A huge winter starling roost on land owned by British Fluorspar near its Cavendish Mill at Stoney Middleton in the Peak District is proving a hit with visitors.
Each evening since November members of the public have come to witness the amazing spectacle of a murmuration, where the birds return from their daytime feeding grounds to roost in a reedbed owned by the company. Starting with a small group, the birds are joined by other groups as dusk approaches to perform a breathtaking aerial winter dance in their tens of thousands before descending to the reedbed for the night.
Tim Birch, Derbyshire Wildlife Trust’s conservation manager, says: “Sights like this really are one of the most amazing wildlife spectacles on the planet and this particular roost is of county and national significance. At times it has been estimated that there have been nearly one hundred thousand birds here. These sites are incredibly important for starlings and given the dramatic drop in their numbers in the UK in recent years we need to do all we can for these birds.”
Starling numbers rise during the winter when the resident British population is boosted by large numbers from Scandinavia, eastern Europe and Russia. It is thought that they gather together in such large numbers as a defence against predators, to keep warm and to pass on information about the best feeding sites. Murmurations like this occur from November to February. There are other murmurations throughout the county, including at Derbyshire Wildlife Trust’s Willington Gravel Pits in the Trent Valley.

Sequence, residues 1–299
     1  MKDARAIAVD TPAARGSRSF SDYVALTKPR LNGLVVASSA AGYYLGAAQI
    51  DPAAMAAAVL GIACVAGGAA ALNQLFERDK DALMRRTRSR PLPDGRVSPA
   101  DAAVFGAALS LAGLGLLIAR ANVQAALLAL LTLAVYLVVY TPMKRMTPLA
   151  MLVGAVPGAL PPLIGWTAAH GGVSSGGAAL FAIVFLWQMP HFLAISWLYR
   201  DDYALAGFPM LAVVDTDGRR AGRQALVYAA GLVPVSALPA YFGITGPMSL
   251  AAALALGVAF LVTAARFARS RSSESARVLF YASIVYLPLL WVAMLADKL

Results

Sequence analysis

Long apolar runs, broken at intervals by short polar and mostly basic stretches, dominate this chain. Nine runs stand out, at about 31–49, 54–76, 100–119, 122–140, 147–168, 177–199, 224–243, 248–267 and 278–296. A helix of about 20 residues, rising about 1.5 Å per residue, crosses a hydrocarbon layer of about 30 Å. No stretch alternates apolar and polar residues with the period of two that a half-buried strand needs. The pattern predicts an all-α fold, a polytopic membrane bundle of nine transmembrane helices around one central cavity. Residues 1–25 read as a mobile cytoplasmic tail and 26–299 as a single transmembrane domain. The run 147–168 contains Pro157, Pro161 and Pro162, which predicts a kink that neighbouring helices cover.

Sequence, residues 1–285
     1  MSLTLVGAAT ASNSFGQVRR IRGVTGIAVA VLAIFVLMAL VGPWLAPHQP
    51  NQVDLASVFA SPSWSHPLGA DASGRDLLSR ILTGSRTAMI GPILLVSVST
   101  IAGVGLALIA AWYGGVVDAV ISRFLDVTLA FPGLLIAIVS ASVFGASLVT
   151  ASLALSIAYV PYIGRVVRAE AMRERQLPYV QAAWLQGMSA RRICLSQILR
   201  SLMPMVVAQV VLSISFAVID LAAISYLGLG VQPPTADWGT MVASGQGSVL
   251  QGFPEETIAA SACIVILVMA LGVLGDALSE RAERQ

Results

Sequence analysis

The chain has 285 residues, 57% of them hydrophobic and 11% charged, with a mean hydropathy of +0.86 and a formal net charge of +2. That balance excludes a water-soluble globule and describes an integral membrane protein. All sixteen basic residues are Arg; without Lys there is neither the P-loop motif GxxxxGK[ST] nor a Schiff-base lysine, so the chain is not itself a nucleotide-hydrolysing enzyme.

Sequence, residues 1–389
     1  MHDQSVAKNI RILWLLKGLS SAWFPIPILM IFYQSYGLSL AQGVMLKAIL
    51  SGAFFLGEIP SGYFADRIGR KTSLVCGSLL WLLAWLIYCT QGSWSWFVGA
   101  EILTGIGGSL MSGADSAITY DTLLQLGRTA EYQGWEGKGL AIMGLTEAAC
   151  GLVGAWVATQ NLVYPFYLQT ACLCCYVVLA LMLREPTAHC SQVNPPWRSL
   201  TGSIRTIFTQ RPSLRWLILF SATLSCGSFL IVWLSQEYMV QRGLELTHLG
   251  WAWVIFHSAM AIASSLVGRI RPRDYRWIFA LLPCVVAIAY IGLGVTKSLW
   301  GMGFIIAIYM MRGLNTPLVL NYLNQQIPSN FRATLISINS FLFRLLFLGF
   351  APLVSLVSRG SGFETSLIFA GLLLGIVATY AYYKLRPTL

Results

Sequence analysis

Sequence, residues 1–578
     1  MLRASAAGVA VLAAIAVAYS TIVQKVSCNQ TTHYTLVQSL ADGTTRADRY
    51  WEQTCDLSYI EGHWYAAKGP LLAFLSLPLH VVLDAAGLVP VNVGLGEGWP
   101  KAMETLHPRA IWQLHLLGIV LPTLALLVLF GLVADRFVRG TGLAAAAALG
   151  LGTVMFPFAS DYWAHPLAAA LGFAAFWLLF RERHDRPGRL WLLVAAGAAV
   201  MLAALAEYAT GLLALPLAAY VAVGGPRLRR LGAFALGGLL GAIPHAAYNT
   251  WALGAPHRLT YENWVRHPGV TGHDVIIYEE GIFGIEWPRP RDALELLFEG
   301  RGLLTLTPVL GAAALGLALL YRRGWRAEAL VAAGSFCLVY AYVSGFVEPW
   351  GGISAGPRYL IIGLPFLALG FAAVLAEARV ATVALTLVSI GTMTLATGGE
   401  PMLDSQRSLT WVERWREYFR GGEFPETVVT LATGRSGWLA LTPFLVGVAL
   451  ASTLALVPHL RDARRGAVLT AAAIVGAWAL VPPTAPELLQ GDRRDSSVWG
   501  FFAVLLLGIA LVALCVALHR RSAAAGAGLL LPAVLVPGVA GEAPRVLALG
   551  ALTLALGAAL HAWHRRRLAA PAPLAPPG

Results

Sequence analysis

Tim Birch continues: “Derbyshire Wildlife Trust congratulates British Fluorspar for providing opportunities for people to come and witness this amazing spectacle on their land this winter. The starling roost occurs in a reedbed that has grown up on disused workings within the company’s grounds and is now a reserve for wildlife. Starlings regularly return to favourite winter roost sites so we hope that this free natural spectacle will be enjoyed for many more years to come.”
Adrian Cooper, Cavendish Mill works manager, said: “As a company British Fluorspar is pleased to allow interested parties to come and observe the murmuration. As the site is close to the main production plant, in the interest of safety the only request we would make is that visitors keep to the marked pathway to the hide and park their cars to maintain traffic flow and allow access to farm gateways for our neighbours. Although each year there are a number of birds in and around the reedbed, the last time that there was such a large gathering was around six years ago and we look forward to seeing our feathered visitors in future years.”